It is not clear if those killed in the clashes were fighters or civilians.
US soldiers used tanks and aircraft to "suppress enemy fire'' in four other clashes, the military said.
The military said that fighters had staged several attacks on US forces in Sadr City and elsewhere.
Lieutenant Colonel Steve Stover, a US military spokesman, said on Tuesday: "They are obviously not listening to any agreement."
He accused so called "special groups" of launching attacks on US and Iraqi troops.
The US military says that most Shia fighters in Sadr City have splintered away from the Mahdi Army and al-Sadr's influence on the groups is unclear.
He added that the "special groups'' were responsible for a failed missile attack on a US helicopter gunship in Sadr City on Saturday, a day before the four-day ceasefire went into effect.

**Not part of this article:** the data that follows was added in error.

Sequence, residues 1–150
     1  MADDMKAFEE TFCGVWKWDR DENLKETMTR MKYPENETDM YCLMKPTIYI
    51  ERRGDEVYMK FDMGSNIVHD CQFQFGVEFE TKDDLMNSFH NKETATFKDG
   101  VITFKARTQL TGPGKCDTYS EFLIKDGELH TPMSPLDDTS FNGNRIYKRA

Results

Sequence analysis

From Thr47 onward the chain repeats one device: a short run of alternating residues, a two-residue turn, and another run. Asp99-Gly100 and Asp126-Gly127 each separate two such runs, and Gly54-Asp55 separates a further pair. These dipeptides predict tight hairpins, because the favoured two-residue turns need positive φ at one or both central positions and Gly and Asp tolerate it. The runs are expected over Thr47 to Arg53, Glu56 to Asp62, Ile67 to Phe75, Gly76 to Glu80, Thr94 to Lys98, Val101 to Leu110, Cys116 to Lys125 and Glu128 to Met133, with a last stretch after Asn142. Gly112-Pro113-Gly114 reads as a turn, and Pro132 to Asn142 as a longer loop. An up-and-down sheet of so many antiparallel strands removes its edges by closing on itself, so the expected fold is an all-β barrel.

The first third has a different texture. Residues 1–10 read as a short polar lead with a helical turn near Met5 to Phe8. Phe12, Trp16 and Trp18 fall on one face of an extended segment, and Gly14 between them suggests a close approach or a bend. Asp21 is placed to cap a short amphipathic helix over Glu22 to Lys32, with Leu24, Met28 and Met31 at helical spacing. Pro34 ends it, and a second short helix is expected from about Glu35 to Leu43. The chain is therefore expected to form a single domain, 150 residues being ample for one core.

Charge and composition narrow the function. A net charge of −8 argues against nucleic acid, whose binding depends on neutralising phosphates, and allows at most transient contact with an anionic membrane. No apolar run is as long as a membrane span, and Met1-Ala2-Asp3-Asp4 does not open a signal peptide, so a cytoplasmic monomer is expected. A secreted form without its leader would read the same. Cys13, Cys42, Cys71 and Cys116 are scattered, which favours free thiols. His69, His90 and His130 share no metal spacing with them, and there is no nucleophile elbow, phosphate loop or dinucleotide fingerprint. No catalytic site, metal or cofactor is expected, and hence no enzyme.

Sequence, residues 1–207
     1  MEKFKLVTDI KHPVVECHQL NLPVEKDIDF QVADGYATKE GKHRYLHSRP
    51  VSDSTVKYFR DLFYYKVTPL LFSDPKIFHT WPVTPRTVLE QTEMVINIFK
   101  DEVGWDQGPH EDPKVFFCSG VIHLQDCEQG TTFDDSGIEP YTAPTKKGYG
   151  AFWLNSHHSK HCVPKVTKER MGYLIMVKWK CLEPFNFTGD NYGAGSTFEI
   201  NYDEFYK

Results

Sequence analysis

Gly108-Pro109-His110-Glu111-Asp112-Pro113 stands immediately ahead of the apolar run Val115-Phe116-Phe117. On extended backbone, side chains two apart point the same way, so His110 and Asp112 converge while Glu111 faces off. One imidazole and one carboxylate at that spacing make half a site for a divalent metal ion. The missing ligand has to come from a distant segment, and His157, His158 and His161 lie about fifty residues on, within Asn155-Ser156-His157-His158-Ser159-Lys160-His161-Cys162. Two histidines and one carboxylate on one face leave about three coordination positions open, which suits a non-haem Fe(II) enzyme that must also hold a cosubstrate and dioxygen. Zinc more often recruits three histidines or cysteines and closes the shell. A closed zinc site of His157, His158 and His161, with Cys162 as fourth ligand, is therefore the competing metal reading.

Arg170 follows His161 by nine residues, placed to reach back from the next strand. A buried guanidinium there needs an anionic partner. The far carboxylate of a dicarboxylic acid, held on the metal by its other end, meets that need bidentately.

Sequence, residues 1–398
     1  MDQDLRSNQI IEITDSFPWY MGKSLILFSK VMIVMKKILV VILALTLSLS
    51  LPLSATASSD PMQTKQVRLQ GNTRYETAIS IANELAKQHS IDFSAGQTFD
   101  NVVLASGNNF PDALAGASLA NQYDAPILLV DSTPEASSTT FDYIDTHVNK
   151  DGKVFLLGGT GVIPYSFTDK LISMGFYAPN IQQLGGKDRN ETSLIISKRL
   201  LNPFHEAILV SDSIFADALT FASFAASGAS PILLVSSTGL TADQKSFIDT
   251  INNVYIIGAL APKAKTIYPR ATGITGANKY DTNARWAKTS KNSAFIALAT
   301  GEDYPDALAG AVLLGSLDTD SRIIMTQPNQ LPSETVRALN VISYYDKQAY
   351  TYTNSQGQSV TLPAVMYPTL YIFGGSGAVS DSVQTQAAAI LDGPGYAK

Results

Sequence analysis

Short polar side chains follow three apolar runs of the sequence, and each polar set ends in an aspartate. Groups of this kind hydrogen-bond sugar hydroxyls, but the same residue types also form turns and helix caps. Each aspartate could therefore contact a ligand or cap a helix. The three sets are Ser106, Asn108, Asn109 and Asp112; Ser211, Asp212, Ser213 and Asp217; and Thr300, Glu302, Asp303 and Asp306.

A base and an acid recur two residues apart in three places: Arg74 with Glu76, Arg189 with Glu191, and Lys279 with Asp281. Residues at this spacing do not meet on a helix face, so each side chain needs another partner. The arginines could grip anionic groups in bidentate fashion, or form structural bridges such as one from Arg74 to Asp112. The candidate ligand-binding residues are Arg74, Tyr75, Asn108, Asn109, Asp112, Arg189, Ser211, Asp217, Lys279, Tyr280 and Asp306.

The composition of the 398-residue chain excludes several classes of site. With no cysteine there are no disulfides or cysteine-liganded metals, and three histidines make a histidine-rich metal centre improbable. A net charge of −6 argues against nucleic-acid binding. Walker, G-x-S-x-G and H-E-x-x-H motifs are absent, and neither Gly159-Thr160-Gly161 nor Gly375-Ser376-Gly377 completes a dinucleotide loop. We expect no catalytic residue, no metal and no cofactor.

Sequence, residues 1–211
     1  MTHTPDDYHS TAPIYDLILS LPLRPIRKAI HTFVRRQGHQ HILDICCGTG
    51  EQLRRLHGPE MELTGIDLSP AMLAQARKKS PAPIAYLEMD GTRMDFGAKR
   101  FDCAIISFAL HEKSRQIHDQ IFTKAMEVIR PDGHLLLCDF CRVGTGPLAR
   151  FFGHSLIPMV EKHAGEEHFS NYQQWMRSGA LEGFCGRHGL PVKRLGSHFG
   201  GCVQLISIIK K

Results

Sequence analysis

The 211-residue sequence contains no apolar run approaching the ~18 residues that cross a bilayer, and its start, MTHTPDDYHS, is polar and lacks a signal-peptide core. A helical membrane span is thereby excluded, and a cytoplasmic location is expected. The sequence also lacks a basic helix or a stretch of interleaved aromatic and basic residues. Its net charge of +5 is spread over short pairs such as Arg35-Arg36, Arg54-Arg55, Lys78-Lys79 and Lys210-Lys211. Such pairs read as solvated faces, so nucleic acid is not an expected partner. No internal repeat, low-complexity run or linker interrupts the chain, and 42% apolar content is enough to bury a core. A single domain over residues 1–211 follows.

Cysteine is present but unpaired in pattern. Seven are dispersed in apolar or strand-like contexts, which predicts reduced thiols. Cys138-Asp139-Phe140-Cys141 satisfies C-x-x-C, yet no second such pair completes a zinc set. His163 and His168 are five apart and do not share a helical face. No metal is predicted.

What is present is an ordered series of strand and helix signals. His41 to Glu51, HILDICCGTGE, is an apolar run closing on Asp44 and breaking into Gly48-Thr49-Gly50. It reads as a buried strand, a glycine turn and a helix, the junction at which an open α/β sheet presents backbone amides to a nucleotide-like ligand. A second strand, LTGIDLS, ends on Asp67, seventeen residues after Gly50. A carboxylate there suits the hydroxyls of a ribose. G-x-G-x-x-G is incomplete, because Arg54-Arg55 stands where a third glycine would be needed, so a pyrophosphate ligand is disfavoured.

There has been sporadic fighting since Sunday.
Talks between al-Sadr's representatives and the United Iraqi Alliance that outlined the details of the truce did not finish until Monday.
The deal allows Iraqi forces to take over security in Sadr City from Wednesday.
The recent clashes first erupted in late March after Iraqi forces launched a crackdown in the southern city of Basra and shia fighters launched attacks targeting the heavily fortified Green Zone which houses the Iraqi government and Western embassies.
The ceasefire agreement states: "Any attack against residential areas, government offices and the Green Zone are prohibited from Sadr City or from another area."
The Sadrists have rejected calls to surrender weapons but have agreed to allow government troops to carry out security sweeps, saying that Mahdi army fighters have no "medium or heavy weapons".